A life spent loving someone already married to the service of the greater good was not for the faint of heart. Every time she was called out, and it was often, he knew full well it could be the last. But her love was worth the risk, at least that's what he told himself. If others could do this, certainly he could too.
A breeze wafted through the air in the bar each time the doors opened. That chill reminded him of the morning they had been to the farm.
It was late February in Indiana. The frost had been melting under their footfalls as they walked along the grassy knoll to a familiar structure. In the distance, on the hill was a classic barn. It was red and white with horses roaming behind. He caught her eye as they held hands. He knew she was imagining the structure decorated in lights and flowers with music spilling from open doors. They stopped short in the center of the field.
"So, I'll enter from over there once the violinist starts," she motioned across the swatch of land. "You'll already be under the gazebo with Jack and Phoebe of course."
"Of course," he replied, chiding her. He thought it was funny how she always had to be in control - even though he was the one who had suggested they be married on his family's farm and had come up with most of the plans in the first place. She hit him playfully on the arm.
"Try to be serious, would you?" At that moment an icy breeze wafted across the green.
"Brrrr!" she shivered loudly, pulling her puffy coat tighter around her. "I'm glad this is still a few months away."
"It will be much warmer in May," Mark agreed. "Can we finish and go back inside already?"
"Fine, fine," she agreed. "We'll set up chairs here and here," she motioned with a sweeping gesture to the lawn before the gazebo. "We read our vows, say 'I do'…."
"Then you're stuck with me."
A wide, genuine smile spread across her lovely face.
"Nowhere else I'd rather be," she had said. And then she kissed him.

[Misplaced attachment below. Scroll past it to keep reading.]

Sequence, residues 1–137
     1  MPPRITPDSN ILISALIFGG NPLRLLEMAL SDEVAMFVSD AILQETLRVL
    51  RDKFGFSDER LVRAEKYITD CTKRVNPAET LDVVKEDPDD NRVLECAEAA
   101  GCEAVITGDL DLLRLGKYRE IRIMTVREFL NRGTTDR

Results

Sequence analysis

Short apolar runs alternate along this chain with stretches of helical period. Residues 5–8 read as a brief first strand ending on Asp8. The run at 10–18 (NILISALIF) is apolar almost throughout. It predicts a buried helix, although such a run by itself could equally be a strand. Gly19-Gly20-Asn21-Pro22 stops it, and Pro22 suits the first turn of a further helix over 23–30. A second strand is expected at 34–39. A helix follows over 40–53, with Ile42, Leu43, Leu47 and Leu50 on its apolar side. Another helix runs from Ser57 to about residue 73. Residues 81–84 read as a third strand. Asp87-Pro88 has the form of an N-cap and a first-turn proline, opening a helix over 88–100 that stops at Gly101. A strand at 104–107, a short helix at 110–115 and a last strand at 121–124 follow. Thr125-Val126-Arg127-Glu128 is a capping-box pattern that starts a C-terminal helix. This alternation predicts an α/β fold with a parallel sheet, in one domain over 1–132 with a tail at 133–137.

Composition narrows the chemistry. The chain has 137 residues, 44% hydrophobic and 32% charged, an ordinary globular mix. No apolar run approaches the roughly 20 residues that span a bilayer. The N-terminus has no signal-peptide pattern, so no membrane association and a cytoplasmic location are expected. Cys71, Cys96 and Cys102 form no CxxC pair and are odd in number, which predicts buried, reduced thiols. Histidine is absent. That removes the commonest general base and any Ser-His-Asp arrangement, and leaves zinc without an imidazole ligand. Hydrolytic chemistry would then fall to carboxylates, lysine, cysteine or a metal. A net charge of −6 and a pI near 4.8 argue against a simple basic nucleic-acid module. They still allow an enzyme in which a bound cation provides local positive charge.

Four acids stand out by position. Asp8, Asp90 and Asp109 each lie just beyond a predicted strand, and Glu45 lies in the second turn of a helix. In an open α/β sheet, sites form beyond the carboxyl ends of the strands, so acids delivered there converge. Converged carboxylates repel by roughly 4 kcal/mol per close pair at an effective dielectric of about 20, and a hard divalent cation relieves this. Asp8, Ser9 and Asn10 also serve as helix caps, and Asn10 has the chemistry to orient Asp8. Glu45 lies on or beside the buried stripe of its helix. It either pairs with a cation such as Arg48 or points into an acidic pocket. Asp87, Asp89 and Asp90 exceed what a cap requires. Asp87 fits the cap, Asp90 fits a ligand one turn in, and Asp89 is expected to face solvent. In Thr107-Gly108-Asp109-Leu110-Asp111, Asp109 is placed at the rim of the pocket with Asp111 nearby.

Mark pulled the mug closer to him from across the table and wrapped his hands around it. It warmed him slightly but he frowned. In two days he would have to contact the decorator, and the officiant, and the people who had rented them the chairs.
Something must have been going on the sixth day because the moment he stepped foot into the corridor Mark was swept away in a sea of people. Officers dressed in Starfleet uniforms were everywhere. He navigated the river of red and yellow and blue-green until it deposited him near the turbolift. Inside, he was crammed rather unceremoniously against the back railing. He wondered just what the capacity of the elevator was, and where on Earth all of these people had come from.
Without meaning to, Mark eavesdropped on the conversation of two officers next to him. They were just back from the Badlands. He heard them recount turbulence and minor systems failures sustained during the weeks spent searching for her.
He waited for the others to file out and then rested his head against the wall.
"I want to keep this small," she had told him.
"Great!" he replied. "How exactly are you going to do that?"
"Well," she began. "I'm not sure…."
"Kath," he had chided her gently. "I've only invited five people. Two of them are in the wedding and we can't uninvite my mother."
She bit her lip in thought. "I guess I'll have to whittle down my side a bit then," she remarked, looking back to the list on the table.
"Agreed," he said. "Besides, I'm sure that Starfleet needs some of their officers actually on duty and not at our wedding."
The lift began to fill with people again but he remained for another ride. Tomorrow, he would have to inform their guests. Though he suspected most of them already knew.
On the seventh and final day, Mark laid in bed half-awake, half-dreaming of their last hours together.
They had woken, tangled in each other. Her soft hair rested on his shoulder and she kissed him gently on the cheek before rousing fully.
"I have to leave soon," she said with just a hint of sorrow.